The Sushi Bar Problem

Posted on March 10, 2017 by Brian Jaress
Tags: code, haskell, concurrency

I’ve been not-so-diligently working my way through Allen Downey’s book on concurrency [1] and came up with a solution to the Sushi Bar Problem that isn’t in that book or any place I can find online. It also seems correct to me, even after coding it up and stress testing it. That’s no guarantee, but it’s enough for me to publish it here and see if anyone else can spot a flaw.


Downey adapts the problem from Kenneth Reek [2] and explains it this way:

Imagine a sushi bar with 5 seats. If you arrive while there is an empty seat, you can take a seat immediately. But if you arrive when all 5 seats are full, that means that all of them are dining together, and you will have to wait for the entire party to leave before you sit down.

In other words, whenever five customers are eating at once, new customers cannot start eating until all five existing customers finish. That’s not how sushi bars work in real life, but it seems common in the study of concurrency to make up word problems that are realistic except for a few strange rules.


My solution is similar to the second solution from Reek via Downey, but a little simpler. For stress testing, I’ve written it in Haskell (another thing I’m learning not-so-diligently) but I’ve put a wrapper around the standard library semaphores so my code resembles Downey’s Python.


Like Downey, I’ll start with the variables.

type Eat customer = customer -> IO ()

sushiBar :: Int -> Eat customer -> IO (customer -> IO ())
sushiBar seats eat = do

    -- track the number currently eating
    eating <- var 0

    -- controls entry to the sushi bar
    door <- semaphore 1

    -- used to track whether the 'door' has been locked because 'eating'
    -- hasn't yet been zero since it was at maximum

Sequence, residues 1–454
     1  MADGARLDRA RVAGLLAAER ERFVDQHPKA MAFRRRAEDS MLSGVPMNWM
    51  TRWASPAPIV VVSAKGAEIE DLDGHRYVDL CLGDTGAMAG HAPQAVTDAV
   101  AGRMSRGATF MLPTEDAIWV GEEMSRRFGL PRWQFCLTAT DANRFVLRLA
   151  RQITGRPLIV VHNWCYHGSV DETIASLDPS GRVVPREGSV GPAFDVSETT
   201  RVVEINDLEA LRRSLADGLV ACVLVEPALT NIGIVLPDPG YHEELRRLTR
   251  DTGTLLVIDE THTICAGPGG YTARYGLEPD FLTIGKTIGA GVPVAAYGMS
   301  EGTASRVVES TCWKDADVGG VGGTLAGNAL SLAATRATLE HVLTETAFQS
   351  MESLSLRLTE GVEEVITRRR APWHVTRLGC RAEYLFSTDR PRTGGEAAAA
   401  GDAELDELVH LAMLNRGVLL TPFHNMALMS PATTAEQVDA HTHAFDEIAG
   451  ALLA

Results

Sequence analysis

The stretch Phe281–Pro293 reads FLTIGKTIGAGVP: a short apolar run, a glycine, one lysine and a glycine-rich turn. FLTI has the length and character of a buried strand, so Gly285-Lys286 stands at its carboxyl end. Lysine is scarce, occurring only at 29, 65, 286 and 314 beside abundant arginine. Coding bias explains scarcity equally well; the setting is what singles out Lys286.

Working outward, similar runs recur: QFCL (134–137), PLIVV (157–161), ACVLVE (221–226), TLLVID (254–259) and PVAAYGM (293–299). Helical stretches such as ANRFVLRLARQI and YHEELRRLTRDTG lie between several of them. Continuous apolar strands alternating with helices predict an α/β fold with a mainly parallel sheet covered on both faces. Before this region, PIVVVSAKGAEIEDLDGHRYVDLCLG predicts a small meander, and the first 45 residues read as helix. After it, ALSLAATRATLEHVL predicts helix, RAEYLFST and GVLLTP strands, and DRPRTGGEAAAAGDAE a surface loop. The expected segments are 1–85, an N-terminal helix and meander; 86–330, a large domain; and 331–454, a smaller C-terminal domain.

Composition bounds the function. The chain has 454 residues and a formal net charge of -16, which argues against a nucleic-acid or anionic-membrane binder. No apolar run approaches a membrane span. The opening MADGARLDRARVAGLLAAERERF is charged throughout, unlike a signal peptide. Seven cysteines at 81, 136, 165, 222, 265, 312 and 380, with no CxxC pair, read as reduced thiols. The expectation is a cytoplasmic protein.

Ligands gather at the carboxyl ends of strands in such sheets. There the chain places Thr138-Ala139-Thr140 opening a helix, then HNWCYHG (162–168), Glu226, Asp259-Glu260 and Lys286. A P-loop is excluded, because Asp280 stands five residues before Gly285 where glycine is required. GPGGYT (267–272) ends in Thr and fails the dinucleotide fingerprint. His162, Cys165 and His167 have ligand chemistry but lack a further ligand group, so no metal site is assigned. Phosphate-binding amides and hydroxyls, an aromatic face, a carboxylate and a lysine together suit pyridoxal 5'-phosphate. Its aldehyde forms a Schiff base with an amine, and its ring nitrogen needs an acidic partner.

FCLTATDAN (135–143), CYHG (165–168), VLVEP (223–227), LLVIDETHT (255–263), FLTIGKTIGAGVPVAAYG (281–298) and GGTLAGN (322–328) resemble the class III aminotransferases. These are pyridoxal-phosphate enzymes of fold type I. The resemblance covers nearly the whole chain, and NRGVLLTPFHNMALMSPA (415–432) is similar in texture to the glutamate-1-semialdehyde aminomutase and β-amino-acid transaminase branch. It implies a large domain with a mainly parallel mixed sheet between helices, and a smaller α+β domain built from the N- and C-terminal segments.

locked <- var False

    -- used to protect 'eating' and 'locked'
    mutex <- semaphore 1

    -- construct a function to be called per visit to the sushi bar
    return $ visitSushiBar saneSeats eat eating door mutex locked
        -- force at least one seat at the sushi bar
        saneSeats = max seats 1

There are two semaphores: The mutex just protects the shared eating and locked variables, but the door semaphore is used with the locked variable to enforce the grouping rule.


The visitSushiBar function is what happens when a customer tries to visit the sushi bar. The analogy is that groups lock the door when they form and unlock it when they are ready to leave.

visitSushiBar seats eat eating door mutex locked customer = do

    wait door

    wait mutex

    increment eating
    full <- check eating (== seats)
    if full
        then set locked True
        else signal door

    signal mutex

    eat customer

    wait mutex

    decrement eating
    empty <- check eating (== 0)
    is_locked <- get locked
    when (empty && is_locked) $ do
        set locked False
        signal door

    signal mutex


Subjectively, this solution seems simpler to me than either of Reek’s. Objectively, it uses fewer variables because it doesn’t track how many customers are waiting to enter the sushi bar.

But is it correct?

I’ve thrown one million threads at it, and I’ve fuzzed the numbers of seats and threads, but that’s still no guarantee. Maybe the next book I read on concurrency will be about proofs of correctness.

[1] Downey, A.B. 2016. The little book of semaphores. (2016).

[2] Reek, K.A. 2004. Design patterns for semaphores. ACM SIGCSE (2004).